Computers: Graffiti artists go on-line: Network pioneers face the biggest threat yet - respectability. Michael Hewitt reports reactions

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The Independent Online
The 'information superhighway' has become worse than boring in the US - it has become respectable. There is big money to be made from wiring all the computers in the world into a single network, where somewhere, all the fun and information in the world is to be found. Rupert Murdoch, of the News International media conglomerate, and Bill Gates, head of Microsoft, the world's biggest supplier of computer software, are both sniffing around the field. But with corporate interest and respectability come corporate mores.

One large American network, Prodigy, even scans incoming data for profanities and automatically excludes offending messages. In some cases it is been over zealous. For example, Messrs Dick Crossley and Engin Shit - pronounced 'sehit' - have reported extreme difficulty posting anything at all, regardless of content.

Inevitably, such 'Disneyfication' of the information highways has provoked some users into parking in the cyber-washrooms and defacing their walls. Using choice abuse, they aim to get up as many virtual noses as possible and then move on, leaving a trail of four-letter words in their wake.

Probably the world's leading exponent of the art is a Merseysider who uses the nom de voyage of Fis. Other incarnations include Satan, Evil, Sooty and Father Christmas. Since 1991, Fis has managed to get himself expelled from virtually every leading conferencing system on the planet, as well as from hundreds of small bulletin boards.

'I post messages in order to generate maximum response,' he says. 'Sometimes just one simple obscene sentence can yield megabytes of replies. You have to remember that for the most part we aren't dealing with normal people. They're actually computer morons: network managers, freelancers and the kind who think they are Captain Jean Luc Picard because they're running Unix. These sorts I particularly enjoy provoking.'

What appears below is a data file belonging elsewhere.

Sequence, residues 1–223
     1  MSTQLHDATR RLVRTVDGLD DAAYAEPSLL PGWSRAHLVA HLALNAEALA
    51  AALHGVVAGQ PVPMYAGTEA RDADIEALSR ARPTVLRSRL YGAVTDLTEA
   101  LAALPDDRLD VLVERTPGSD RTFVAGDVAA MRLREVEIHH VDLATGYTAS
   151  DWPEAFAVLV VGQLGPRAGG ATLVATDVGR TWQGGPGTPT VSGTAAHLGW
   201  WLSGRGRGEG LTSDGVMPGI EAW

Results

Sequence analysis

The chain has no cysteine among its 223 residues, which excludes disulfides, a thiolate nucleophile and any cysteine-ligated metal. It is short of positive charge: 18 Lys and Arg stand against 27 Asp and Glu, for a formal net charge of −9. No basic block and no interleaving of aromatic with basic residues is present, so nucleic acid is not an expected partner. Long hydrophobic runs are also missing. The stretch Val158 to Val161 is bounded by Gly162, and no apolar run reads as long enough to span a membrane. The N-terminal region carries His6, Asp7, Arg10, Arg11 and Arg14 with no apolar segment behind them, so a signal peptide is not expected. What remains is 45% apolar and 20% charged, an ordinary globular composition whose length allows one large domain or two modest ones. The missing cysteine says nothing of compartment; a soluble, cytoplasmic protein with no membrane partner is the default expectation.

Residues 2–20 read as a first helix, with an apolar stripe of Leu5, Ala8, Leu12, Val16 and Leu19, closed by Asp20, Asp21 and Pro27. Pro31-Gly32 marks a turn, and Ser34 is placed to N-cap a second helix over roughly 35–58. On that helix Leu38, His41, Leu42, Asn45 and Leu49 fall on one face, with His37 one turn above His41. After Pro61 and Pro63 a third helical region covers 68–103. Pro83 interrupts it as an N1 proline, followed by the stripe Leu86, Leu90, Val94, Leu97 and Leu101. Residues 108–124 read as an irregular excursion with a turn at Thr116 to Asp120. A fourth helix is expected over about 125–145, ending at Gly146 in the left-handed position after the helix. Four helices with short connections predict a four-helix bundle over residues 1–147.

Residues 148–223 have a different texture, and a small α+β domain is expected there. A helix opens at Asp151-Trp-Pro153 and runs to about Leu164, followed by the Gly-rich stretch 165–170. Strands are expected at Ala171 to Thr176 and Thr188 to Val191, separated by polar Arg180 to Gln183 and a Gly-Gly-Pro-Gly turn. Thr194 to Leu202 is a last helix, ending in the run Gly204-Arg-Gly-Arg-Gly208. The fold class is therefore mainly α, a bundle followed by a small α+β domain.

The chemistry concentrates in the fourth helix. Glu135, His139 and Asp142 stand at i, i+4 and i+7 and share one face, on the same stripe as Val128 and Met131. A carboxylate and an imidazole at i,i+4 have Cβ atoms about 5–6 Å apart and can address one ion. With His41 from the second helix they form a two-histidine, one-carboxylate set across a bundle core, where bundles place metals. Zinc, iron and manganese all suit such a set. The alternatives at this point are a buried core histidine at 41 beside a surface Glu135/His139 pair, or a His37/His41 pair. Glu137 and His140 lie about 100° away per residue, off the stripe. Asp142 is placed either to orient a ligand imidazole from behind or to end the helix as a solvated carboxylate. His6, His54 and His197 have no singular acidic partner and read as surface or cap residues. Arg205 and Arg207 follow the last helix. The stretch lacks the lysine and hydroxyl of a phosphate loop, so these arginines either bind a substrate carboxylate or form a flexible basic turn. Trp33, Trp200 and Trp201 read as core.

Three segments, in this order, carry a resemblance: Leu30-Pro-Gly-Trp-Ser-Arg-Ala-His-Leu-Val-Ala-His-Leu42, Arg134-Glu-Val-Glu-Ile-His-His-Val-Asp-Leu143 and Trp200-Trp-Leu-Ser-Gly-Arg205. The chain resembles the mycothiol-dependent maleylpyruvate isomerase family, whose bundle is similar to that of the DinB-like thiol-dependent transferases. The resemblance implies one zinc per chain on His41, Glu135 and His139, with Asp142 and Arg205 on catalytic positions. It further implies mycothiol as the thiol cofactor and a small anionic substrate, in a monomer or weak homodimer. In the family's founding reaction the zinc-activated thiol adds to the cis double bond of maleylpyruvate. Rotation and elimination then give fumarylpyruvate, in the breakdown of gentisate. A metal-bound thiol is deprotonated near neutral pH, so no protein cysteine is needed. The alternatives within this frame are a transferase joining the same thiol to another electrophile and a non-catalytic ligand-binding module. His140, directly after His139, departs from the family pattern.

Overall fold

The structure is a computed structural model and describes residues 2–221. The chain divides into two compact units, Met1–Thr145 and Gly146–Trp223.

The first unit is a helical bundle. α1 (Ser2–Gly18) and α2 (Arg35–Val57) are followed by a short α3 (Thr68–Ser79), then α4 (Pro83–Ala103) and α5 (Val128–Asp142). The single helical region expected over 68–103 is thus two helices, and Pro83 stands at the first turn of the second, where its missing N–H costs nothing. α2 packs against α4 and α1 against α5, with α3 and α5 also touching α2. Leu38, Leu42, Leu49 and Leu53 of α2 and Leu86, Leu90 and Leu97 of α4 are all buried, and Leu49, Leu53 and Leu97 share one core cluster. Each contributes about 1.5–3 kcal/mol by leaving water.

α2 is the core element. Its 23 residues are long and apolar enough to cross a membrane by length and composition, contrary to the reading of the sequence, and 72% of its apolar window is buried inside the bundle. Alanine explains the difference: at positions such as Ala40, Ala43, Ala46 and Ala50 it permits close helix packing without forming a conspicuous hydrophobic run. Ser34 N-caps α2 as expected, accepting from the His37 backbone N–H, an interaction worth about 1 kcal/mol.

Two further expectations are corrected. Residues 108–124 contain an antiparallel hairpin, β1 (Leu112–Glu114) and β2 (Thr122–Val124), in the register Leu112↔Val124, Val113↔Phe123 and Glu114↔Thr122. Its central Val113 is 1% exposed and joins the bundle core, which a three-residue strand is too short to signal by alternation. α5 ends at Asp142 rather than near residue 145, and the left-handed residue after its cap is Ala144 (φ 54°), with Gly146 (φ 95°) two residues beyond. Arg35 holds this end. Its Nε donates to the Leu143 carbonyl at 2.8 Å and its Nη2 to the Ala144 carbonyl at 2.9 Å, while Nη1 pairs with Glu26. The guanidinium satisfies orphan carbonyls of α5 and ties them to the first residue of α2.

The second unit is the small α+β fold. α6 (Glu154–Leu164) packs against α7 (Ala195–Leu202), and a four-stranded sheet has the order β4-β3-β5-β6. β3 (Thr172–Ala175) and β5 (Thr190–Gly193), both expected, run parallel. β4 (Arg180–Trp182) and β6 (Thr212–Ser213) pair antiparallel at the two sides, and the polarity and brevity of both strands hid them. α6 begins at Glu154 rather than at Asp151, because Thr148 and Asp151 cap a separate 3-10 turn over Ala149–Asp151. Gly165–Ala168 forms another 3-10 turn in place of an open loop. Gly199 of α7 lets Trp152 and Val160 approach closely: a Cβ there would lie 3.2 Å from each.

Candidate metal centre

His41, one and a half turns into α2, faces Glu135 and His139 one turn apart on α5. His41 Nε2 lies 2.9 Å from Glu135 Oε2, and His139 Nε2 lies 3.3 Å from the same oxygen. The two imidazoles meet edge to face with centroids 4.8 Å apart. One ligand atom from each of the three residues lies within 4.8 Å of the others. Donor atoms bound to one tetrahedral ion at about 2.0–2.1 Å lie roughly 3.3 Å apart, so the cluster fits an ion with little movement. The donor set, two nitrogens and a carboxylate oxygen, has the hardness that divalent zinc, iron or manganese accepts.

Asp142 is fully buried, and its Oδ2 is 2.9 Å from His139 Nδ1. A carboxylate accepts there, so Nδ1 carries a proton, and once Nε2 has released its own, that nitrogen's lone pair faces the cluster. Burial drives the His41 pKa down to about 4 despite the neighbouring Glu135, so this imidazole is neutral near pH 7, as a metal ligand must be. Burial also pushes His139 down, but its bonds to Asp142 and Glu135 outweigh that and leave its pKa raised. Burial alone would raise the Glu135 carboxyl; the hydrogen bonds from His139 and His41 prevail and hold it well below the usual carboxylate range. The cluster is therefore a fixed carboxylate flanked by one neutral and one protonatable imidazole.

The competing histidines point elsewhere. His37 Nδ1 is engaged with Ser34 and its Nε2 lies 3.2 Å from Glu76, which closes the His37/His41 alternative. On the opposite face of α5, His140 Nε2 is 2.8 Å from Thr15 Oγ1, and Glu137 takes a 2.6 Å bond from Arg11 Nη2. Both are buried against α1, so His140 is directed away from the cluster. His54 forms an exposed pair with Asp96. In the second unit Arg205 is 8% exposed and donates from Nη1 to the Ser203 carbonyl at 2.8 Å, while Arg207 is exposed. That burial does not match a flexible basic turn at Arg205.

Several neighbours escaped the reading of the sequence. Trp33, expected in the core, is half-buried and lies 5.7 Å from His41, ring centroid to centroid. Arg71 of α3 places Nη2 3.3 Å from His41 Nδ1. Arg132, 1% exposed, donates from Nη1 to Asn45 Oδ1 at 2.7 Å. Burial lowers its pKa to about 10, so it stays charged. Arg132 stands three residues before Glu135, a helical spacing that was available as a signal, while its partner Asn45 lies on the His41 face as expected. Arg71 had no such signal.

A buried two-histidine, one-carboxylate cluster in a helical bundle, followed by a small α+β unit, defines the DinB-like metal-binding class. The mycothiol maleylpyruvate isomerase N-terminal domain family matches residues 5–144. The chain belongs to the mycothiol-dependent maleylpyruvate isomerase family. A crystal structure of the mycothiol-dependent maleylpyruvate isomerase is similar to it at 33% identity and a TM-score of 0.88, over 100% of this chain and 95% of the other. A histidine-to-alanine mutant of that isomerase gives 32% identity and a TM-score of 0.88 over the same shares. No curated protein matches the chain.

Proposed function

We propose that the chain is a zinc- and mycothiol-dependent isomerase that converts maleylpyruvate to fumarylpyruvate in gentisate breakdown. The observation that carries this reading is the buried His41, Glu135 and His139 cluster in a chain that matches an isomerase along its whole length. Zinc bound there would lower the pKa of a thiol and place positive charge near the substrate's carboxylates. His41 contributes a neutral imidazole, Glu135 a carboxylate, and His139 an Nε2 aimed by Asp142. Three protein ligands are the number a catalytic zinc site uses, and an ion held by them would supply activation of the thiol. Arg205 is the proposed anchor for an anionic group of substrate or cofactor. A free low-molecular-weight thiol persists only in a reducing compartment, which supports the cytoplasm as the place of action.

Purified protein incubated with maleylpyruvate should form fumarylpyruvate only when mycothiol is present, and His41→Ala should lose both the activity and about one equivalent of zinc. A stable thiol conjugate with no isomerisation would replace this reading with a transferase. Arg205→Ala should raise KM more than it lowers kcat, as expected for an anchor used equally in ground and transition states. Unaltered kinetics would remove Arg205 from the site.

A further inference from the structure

Exclusion from Compuserve's CB system resulted from his claims to have heard Hitler's voice coming from the lavatory commanding him to flush swans down the cistern. Religious groups seem most put out by his end of message 'sig': the Lord's Prayer written backwards. As a result of this, he has received numerous threats to firebomb his home.

'The funny side is that in many cases I have actually made friends with the people that run the systems,' he continues. 'It's only if I, in some way, threaten their system that they'll go as far as to kick me off. For example, Demon Systems (one of the UK gateways to the Internet global information network) has given me several warnings, not because they object to what I say or do, but because of the increase in workload I've created for them. They like to answer all user complaints personally.'

But has he ever tried being courteous to people for a change? 'Why should I be friendly to people? Why be good? What is the point in morality? I just do what I feel like and what makes me happy. The voices in my head tell me to log on and annoy as many people as possible.' It is at this point in interviews that Fis usually reveals himself to be the Anti-Christ.

In unmoderated areas such as the Usenet newsgroups where anything seems to go, on-line abuse is common, though little of it of the quality pioneered by Fis. Most is standard lavatory wall rubbish, or the sorts of puerile insults traded in schoolyards.

What makes Fis's subtle blend of nihilism, scatology and bigotry so memorable is that he manages to lace it with humour, too. As a result, even people who bore the brunt of his insults and were instrumental in his expulsion from various systems, tend to look back on his days there with some degree of nostalgia.

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